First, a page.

Rising Star Systems

Procrastination vs. Keeping My Word to Myself

How do I get myself to do what I’m “supposed” do? So often, that’s what procrastination looks like. I’m supposed to be doing “A”, but instead I’m doing “B”. I’m supposed to get up and shower, but instead I’m cuddling with my kitty and drinking more coffee.

But perhaps the problem is in the way I think about it.

Who says I’m supposed to be doing A?

The problem when you’re a self-employed, small business owner, working for yourself, is that it’s you. It’s all you. And we are not trained to be responsible to ourselves. We are trained to be responsible to others – our parents, our teachers, our bosses. So, how do we learn to be responsible to ourselves?

And therein lies the real skill of time management: being responsible to yourself, keeping your word to yourself. Because I create my own schedule and so, keeping my schedule is keeping my word to myself.

And therein also lies the trap. If I don’t keep my word to myself, what do I make that mean? Does it mean:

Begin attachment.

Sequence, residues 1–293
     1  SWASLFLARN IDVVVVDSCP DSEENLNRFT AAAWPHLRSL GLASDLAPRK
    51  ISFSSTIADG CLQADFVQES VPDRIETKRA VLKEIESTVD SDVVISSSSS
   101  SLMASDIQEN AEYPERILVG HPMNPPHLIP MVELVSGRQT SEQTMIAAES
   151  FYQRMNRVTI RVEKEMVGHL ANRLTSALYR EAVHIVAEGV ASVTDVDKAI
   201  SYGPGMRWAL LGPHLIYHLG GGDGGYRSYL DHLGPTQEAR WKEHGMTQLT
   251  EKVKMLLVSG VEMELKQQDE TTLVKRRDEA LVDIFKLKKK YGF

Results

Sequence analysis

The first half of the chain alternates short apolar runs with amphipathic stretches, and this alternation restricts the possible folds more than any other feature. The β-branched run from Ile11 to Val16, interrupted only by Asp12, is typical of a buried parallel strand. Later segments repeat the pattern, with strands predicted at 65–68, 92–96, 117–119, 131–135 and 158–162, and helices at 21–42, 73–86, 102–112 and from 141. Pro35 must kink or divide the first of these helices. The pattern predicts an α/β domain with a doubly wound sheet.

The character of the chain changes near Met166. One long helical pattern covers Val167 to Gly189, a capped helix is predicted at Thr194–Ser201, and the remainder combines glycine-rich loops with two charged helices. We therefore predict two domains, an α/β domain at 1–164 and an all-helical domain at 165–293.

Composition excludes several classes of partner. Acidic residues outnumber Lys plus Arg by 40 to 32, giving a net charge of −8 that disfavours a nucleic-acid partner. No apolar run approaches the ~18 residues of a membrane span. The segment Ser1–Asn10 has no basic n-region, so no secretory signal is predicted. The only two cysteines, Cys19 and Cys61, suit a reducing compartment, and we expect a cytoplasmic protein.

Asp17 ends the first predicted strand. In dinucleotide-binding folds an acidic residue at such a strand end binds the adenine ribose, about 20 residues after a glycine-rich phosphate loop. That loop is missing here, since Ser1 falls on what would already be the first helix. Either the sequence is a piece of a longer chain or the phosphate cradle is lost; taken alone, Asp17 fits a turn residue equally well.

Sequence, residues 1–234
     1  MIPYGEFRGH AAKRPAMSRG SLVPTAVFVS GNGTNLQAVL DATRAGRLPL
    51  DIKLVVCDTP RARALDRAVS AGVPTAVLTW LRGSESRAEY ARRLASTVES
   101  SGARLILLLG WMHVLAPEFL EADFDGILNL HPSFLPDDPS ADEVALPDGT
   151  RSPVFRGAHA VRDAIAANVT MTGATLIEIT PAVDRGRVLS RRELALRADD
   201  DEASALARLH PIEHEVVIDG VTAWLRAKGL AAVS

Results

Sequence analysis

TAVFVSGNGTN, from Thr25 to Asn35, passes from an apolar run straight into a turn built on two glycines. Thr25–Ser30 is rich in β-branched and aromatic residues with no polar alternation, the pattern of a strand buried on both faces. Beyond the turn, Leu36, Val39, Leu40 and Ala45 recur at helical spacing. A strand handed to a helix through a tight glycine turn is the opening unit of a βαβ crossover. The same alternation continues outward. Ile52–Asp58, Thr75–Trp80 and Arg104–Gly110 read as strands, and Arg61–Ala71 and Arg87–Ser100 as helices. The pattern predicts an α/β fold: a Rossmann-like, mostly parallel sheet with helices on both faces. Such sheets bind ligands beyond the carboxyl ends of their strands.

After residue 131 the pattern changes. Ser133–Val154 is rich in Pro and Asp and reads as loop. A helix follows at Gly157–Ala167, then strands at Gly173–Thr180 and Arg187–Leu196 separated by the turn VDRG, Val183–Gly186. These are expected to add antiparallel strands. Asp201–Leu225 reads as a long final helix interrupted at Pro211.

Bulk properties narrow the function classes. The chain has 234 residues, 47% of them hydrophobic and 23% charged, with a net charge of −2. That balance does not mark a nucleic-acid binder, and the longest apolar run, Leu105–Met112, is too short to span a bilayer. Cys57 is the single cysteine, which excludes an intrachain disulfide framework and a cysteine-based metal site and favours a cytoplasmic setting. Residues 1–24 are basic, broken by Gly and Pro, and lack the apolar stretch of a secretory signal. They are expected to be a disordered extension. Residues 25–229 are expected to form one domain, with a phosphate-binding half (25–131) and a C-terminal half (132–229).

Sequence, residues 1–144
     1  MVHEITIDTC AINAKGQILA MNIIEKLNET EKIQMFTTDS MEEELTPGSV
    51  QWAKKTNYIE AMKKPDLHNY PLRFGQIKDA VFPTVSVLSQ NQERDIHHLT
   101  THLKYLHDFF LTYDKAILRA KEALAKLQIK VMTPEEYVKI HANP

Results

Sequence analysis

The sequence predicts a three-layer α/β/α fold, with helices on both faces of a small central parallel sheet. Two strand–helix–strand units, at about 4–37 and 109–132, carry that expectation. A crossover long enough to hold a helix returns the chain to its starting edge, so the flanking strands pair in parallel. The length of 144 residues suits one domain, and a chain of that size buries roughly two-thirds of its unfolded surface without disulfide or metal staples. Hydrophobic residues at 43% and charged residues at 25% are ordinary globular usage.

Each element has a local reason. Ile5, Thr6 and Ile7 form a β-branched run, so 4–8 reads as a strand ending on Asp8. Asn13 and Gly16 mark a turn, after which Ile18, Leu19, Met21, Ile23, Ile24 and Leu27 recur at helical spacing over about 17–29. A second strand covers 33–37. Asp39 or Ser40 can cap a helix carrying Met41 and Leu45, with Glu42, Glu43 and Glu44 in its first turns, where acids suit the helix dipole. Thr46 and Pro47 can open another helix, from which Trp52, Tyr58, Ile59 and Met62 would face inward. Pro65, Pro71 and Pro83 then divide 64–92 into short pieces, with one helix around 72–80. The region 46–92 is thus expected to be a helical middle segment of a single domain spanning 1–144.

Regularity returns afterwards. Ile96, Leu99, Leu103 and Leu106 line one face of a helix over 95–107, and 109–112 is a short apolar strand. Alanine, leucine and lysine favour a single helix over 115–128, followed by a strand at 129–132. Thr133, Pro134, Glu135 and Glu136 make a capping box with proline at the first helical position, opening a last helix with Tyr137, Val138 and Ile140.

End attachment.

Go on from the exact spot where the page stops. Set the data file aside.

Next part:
“I’ll never be successful.”
“I’m not worthy.”
“I’m a hopeless lazy flake.”

There are so many ways I can torture myself about not keeping my word to myself. But this is just another method of procrastination. Do you see the trap?

The way out of the trap is to embrace the process. Each success or failure doesn’t mean anything in and of itself. It’s all part of the process of me learning to keep my word to myself. I will make mistakes; I will fall on my ass, probably many times. But if I recognize that this is the process of learning to be responsible to myself, no individual failure means more than that one failure.

And so I can learn from that failure and grow.

What did I learn from not keeping my schedule this morning? I learned that the day after I work out, I tend to need more sleep. So, in the future I can schedule accordingly. Going to take a shower now….

One Response

  1. I hear you. . . as a self-employed writer, I definitely found your post resonant, to say the least 😉

    I’ve had good results with a new software app. I’ve been trying lately– I blog about it in my entry Stop Watching The Clock. In my experience, small-scale time management has been really helpful in tackling the bigger kinds of situations you talked about here. . . thanks for sharing your insights, Debra.

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